Utah Avalanche Center will release final advisory of the season on Sunday
First time not fatalities have been reported in 26 years
The Utah Avalanche Center will issue its final regular season avalanche advisory on Sunday and forecasters are hoping to end the season on a high note.
As of Friday, there had been no avalanche fatalities reported this season. According to the avalanche center, an average of four avalanche fatalities a year have been recorded since 1990.
“We have had lots of snow, lots of avalanches and had a couple of close calls. But the good news is that technology is working in our advantage and people are getting our information,” said Craig Gordon, a forecaster with the Utah Avalanche Center. “The beauty is all of this technology is working and that has been a huge step in the right direction.”
Last year, two avalanche fatalities were reported in Utah, including one in the backcountry outside of the boundary of Park City Mountain Resort in an area known as Shale Shot that claimed the life of a Wanship man.
Winter’s later arrival in the Wasatch Mountains likely “worked to our advantage,” Gordon said. He added, “We didn’t get a lot of early season snow, which can grow structurally weak and sugary and then give us issues for the rest of the winter.”
“We got a lot of snow and we had violent storms that came in fast and furious. They laid down feet of snow and inches of water and there were many times when the avalanche risk was high and even extreme,” Gordon said. “Given all of those factors, I think our magnitude of outreach has grown and it has become commonplace to get the advisory before doing any backcountry recreating.”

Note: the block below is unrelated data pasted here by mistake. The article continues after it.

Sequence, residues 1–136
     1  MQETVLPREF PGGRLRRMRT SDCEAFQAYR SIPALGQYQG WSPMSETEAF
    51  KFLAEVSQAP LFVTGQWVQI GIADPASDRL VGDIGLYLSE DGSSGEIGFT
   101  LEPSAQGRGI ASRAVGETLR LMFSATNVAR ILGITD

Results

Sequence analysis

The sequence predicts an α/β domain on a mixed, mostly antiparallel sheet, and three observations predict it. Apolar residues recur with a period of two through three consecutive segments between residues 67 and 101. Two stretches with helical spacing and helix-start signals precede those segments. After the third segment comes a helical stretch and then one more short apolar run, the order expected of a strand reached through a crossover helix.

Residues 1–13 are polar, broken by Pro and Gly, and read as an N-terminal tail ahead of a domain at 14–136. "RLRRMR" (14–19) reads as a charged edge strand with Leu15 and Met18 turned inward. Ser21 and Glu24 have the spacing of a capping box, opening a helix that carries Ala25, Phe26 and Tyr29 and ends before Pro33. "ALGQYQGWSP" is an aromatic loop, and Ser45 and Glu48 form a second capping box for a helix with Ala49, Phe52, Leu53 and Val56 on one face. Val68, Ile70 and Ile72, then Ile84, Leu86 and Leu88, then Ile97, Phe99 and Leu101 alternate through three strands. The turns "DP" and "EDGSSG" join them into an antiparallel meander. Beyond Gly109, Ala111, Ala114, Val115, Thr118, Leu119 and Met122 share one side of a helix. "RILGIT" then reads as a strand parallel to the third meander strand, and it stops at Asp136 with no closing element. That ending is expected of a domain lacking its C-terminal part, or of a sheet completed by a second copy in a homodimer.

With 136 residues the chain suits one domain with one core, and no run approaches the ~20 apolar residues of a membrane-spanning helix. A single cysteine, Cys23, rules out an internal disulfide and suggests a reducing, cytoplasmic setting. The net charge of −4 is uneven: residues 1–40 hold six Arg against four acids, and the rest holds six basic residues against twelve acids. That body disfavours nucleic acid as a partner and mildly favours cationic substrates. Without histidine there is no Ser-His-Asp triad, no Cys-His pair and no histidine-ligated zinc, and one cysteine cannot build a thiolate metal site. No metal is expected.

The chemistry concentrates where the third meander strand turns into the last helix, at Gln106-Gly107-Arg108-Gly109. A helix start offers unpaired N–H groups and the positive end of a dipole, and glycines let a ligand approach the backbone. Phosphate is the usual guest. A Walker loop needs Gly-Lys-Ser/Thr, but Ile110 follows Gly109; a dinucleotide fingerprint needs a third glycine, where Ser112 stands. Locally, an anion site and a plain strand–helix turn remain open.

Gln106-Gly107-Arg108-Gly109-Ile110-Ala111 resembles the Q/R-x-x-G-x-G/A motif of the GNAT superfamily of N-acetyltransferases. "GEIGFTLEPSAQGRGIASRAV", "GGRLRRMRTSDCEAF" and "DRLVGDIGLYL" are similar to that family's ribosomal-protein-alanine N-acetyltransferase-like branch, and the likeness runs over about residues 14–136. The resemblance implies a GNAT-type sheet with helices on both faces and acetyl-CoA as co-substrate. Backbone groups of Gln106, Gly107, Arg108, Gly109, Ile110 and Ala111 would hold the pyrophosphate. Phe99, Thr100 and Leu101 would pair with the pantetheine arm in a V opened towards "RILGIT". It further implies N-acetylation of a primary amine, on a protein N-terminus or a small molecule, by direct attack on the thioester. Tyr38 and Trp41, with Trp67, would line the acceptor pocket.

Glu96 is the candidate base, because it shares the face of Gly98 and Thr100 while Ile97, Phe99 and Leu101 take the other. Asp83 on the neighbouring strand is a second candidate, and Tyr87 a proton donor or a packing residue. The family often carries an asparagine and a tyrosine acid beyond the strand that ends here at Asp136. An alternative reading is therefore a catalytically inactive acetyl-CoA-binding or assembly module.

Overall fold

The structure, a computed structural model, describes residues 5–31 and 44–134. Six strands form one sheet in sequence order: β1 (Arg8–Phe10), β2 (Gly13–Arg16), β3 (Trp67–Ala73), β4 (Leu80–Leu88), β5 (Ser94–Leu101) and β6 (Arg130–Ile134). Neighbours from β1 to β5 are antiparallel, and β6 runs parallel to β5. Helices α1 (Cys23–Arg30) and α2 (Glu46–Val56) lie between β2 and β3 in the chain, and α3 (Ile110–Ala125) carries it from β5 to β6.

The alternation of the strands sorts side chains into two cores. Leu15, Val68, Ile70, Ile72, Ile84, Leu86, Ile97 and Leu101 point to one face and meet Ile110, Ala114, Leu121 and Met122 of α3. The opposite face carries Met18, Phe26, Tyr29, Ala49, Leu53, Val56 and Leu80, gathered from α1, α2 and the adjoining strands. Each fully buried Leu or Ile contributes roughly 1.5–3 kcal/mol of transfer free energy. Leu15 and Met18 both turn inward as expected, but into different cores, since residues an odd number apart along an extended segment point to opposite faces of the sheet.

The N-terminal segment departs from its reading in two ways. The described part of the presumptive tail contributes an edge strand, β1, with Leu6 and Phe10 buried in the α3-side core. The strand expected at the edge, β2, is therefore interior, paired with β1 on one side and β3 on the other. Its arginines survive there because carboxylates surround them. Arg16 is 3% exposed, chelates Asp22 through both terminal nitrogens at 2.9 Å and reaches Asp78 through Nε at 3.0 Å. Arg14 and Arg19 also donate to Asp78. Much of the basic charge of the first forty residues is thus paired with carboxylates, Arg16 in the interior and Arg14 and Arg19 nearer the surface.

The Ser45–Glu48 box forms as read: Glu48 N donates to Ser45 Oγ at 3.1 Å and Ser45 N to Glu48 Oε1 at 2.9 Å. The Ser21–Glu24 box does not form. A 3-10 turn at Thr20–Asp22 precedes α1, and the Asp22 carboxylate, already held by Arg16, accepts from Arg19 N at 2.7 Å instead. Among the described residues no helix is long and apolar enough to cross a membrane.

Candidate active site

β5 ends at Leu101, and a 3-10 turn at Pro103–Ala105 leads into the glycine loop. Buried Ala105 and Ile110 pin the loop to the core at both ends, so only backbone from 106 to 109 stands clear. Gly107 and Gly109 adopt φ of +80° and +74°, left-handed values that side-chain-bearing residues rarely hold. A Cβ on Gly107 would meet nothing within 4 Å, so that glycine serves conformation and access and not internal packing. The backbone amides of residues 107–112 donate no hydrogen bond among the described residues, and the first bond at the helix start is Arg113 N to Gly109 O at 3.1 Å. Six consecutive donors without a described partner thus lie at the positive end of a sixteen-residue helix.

Gordon praised outdoor recreaters for being diligent in checking conditions and avoiding risky areas. He also attributed the reduction in fatalities to improved avalanche gear and technology.
“I think, a lot of time, we think of technological advances in rescue gear, but what we have to remember is that on the front end avalanche avoidance is really the big-ticket item,” Gordon said. “Using technology to our advantage, knowing the type of terrain to avoid and recognizing the conditions all have helped us to turn the corner this year to a fatality-free season.”
While Deer Valley and Park City Mountain Resorts are scheduled to close on Sunday, Gordon warned “that doesn’t mean there won’t be any avalanches.” Gordon said spring storms are common and often produce rapidly changing conditions. He emphasized that once the resorts close, avalanche control will end.
“People need to be cognizant of changing conditions and be aware of recent avalanche activity,” Gordon said. “Even though we are turning the corner toward a predictable snowpack, folks should be aware there is always an inherent risk.
“It’s just been an awesome season and we look forward to connecting with everyone when the snow starts to fly again in the fall,” he said.
The Utah Avalanche Center will issue its final regular avalanche advisory on Sunday. For the rest of the month, the organization will issue updates on Friday for the central Wasatch Mountains, continuing through April anytime there is measureable snowfall.
For more information and updated information about avalanche conditions, go to https://utahavalanchecenter.org/.
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